XDifferent edition? Search for topics and key phrases here.
The American Pageant (12th Edition)
Chapter 34 – Page 787
786–87 “Not every WPA project strengthened the infrastructure: for instance, one controlled crickets in Wyoming, while another built a monkey pen in Oklahoma City. Predictably, missions like these caused critics to sneer that WPA meant ‘We Provide Alms.’ But the fact is that over a period of eight years, nearly 9 million people were given jobs, not handouts.”
Bailey does admit to one of the three key problems with the WPA—it often supported make-work projects that added little value to the economy. But notice his positive conclusion on the WPA—hey, it gave “nearly 9 million people” jobs. That view is short-sighted for two reasons. First, those nine million WPA workers, often with make-work jobs, had little security because they had to play politics to survive. In New Jersey, for example, Frank Hague, the WPA director—a corrupt but candid man—answered his phone, “Democratic headquarters.”
The WPA files in Washington, DC, for New Jersey alone are loaded with comments from WPA workers that said the following: “At Atco they collected two dollars from the WPA workers for the campaign.” “The WPA [workers] had to vote for him (Freeholder Emil McCall) or lose their jobs.” No wonder freshman congressman Frank Towey of New Jersey announced at a Democrat rally in Newark, “In this county there are 18,000 on the WPA. With an average of three in a family you have 54,000 potential Democratic votes. Can anyone beat that if it is properly mobilized?”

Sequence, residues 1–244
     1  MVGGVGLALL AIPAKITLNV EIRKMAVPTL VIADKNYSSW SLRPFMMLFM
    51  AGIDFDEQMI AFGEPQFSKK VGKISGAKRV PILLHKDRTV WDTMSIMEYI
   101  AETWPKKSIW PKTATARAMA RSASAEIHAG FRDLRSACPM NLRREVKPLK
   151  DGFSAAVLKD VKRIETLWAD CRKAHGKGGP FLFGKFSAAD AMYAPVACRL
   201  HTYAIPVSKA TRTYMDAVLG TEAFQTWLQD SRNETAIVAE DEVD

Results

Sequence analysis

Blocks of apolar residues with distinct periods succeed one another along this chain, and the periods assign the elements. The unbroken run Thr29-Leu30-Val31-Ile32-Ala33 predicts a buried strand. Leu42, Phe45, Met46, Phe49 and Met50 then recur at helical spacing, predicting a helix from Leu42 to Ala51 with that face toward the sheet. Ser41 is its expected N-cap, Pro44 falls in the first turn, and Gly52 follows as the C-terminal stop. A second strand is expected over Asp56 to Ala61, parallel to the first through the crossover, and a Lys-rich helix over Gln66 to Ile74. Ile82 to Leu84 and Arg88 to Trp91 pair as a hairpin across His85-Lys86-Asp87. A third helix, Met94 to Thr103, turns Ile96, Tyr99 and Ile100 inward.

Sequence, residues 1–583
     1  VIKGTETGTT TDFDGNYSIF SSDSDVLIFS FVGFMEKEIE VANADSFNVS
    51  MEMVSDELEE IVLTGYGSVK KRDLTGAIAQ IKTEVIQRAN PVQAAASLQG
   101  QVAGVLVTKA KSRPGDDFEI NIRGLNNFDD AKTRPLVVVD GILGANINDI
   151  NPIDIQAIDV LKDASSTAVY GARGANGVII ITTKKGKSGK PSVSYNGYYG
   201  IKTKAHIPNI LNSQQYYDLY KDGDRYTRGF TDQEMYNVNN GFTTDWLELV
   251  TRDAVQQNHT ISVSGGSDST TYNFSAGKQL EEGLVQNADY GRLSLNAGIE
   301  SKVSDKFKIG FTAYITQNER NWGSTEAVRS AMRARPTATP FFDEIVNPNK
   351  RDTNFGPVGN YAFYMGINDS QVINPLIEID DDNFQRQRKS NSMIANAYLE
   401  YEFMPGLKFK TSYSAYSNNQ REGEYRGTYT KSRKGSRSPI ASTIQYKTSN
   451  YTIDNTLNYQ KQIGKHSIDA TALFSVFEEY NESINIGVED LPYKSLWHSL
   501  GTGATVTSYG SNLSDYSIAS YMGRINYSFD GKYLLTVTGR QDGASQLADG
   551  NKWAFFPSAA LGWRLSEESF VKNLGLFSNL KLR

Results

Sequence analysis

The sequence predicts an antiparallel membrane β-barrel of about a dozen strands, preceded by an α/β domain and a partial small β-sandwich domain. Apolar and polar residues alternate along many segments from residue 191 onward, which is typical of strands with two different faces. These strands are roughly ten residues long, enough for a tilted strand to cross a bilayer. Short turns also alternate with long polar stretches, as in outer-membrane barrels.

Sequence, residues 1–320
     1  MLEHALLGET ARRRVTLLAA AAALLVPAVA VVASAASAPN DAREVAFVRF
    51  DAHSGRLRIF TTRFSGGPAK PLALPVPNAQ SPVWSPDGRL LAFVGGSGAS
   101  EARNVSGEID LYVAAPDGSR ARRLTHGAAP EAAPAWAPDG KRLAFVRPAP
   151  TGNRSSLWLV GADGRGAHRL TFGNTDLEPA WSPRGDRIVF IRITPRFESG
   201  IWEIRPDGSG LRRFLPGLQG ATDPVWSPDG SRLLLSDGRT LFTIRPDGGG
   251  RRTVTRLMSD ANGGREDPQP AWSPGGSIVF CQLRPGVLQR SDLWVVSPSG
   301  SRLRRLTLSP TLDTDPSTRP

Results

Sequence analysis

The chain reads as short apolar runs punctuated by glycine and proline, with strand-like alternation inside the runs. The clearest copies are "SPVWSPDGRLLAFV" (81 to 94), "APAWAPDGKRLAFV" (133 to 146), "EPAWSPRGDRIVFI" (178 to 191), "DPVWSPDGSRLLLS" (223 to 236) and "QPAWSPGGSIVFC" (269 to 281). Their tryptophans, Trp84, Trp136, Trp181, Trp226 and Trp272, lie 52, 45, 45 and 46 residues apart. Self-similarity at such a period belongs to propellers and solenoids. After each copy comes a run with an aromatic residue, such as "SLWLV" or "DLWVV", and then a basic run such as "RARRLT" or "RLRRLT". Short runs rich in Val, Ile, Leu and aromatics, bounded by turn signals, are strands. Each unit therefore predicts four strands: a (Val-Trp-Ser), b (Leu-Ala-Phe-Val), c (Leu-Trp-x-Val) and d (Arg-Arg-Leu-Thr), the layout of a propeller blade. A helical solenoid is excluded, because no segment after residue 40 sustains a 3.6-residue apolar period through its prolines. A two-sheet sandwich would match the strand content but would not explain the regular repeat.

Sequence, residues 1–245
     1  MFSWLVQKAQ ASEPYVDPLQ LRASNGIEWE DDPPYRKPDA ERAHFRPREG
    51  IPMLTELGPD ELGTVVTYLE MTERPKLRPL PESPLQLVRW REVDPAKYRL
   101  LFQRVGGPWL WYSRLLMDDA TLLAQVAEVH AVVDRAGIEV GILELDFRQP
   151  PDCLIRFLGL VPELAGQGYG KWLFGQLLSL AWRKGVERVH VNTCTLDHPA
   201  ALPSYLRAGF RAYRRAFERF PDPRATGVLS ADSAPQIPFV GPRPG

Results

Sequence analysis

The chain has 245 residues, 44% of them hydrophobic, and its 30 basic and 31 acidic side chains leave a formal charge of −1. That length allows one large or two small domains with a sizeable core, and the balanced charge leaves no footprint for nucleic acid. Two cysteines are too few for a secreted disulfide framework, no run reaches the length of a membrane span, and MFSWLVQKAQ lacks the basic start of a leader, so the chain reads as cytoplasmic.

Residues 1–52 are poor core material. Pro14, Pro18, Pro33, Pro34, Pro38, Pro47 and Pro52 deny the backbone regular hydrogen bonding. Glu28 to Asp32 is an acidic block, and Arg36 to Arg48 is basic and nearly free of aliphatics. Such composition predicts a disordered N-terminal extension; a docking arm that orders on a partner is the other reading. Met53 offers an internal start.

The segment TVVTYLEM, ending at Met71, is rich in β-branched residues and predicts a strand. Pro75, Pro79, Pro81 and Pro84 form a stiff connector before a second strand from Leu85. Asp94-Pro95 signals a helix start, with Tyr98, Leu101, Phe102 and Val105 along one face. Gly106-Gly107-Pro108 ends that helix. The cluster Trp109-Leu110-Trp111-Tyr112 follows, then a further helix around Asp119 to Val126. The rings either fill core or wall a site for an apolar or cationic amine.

Second, the jobs created at the WPA were offset by the jobs lost by taking taxes from people who otherwise would have spent that money on products that would have given people employment. Every dollar spent on the WPA had to be taken from a dollar of taxes. We see nine million people doing various jobs—some useful, some not—but we don’t see the jobs not created because the people paying the taxes never had a chance to buy shirts, shoes, or cars—all of which would have created jobs.
At best, the WPA shifted spending from people spending their own money to government spending other peoples’ money. And the make-work projects and the corruption suggest the government did not spend the money as well as people could have spent their own money, which helps explain why the Great Depression persisted under FDR.
787 “A daring attempt to stimulate a nationwide comeback was initiated when the Emergency Congress authorized the National Recovery Administration (NRA). This ingenious scheme was by far the most complex and far-reaching effort by the New Dealers to combine immediate relief with long-range recovery and reform. Triple-barreled, it was designed to assist industry, labor, and the unemployed.”